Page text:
• Diaries and journals were created gradually over time. You may see date headers before some entries and changes in the handwriting or ink. Entries often focus more on the present or immediate past than the deep past and they wouldn’t reveal future events because they hadn’t happened yet.
  • Autobiographical sketches or reminiscences may or may not be labeled and dated as such. These were usually written much later in someone’s life, often over a short period of time. The writer’s tone may be more formal, introspective, defensive, or self-conscious as she reflects on the past.

Look at all other documents and items that are associated with the source in question. For example, not long ago I received a box of old family items from my sister-in-law. The box originally belonged to my mother-in-law (Pat) and held an eclectic mix of mementos. One item of particular interest was a Guest Book sporting a cover made of wood. I immediately understood the significance of the cover because my father-in-law (Bill) had worked his entire career in the forest products industry. But that didn’t mean that the book actually belonged to my in-laws. Further examination was required.

Before removing the book from the box, I made note of what was tucked in around it. Perhaps all of these items were unrelated, or perhaps they had all come out of the same closet. Slow and careful examination is key identifying all the potential clues about the item.

It took several hours of reading through the various entries to determine that the Book was given to Pat and Bill as a gift by Pat’s parents. It contained many original signatures acquired over many years from a wide range of friends and family.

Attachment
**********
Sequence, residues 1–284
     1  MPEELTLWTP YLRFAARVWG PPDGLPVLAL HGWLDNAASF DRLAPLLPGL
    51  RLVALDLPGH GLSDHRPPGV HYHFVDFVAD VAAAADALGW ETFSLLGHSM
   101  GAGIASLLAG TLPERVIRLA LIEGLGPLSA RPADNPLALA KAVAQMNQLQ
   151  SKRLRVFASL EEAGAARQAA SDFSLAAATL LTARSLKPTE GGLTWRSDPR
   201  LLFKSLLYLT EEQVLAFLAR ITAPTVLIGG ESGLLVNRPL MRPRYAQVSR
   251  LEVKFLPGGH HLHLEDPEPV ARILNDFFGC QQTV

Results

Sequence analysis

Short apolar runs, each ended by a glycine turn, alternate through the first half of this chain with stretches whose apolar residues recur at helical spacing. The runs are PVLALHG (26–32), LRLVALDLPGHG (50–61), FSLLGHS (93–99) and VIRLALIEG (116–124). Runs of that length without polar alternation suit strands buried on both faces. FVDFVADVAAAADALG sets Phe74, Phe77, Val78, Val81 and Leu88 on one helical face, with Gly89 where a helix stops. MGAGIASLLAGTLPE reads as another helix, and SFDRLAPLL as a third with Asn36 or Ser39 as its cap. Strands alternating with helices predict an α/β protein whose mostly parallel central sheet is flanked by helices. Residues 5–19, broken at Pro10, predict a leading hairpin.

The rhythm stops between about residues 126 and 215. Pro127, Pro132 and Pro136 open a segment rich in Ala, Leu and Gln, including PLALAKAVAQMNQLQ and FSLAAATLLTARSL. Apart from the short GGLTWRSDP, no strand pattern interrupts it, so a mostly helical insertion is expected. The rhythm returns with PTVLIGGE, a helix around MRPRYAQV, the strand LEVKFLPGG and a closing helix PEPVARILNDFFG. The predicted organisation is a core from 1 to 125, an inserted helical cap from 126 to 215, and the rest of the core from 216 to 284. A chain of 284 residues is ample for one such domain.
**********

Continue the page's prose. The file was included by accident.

If you’re looking at digitized records online, read the description of the record collection. If you’re in an archive, read the finding aid or other collection description. (Genealogy Gems Premium subscribers can learn more about using finding aids in Genealogy Gems Premium Podcast episode #149.)

Records or artifacts may come with dates or timeframes associated with them. Sometimes there is no date or only a rough range of possibilities. You may have to rely on clues from several sources to date the item and match it up with your family history timeline. For example, this quilt was found in a suitcase in my Grandmother Pauline Moore’s closet after her death with this note pinned to it.

She says in the note that it was made by her mother before her stroke, which occurred in the 1960s. Based on the flour sack fabrics, I would date it more in the range of 1925-1945. It’s possible that she may have hung on to all these scraps and made it later in life. But I know from past conversations with my grandmother that most of her mother’s quilting was done in the earlier timeframe. Adding strength to my theory is a dress that hangs in my laundry room. I inherited the dress from my grandmother years ago. I have photos of her wearing it in the pre-World War II era. It contains some of the exact same fabric that makes up the quilt.

Finally, with documents especially, consider whether you’re looking at the original version, meaning the first format it ever took. Whenever possible, consult the original. Indexes, typed-up copies, or abstracts are convenient reference tools. In some cases, they are the only versions you’ll be able to access. However, they may not be as complete or accurate. Handwritten copies of older originals may have been made in the days before photocopying technology.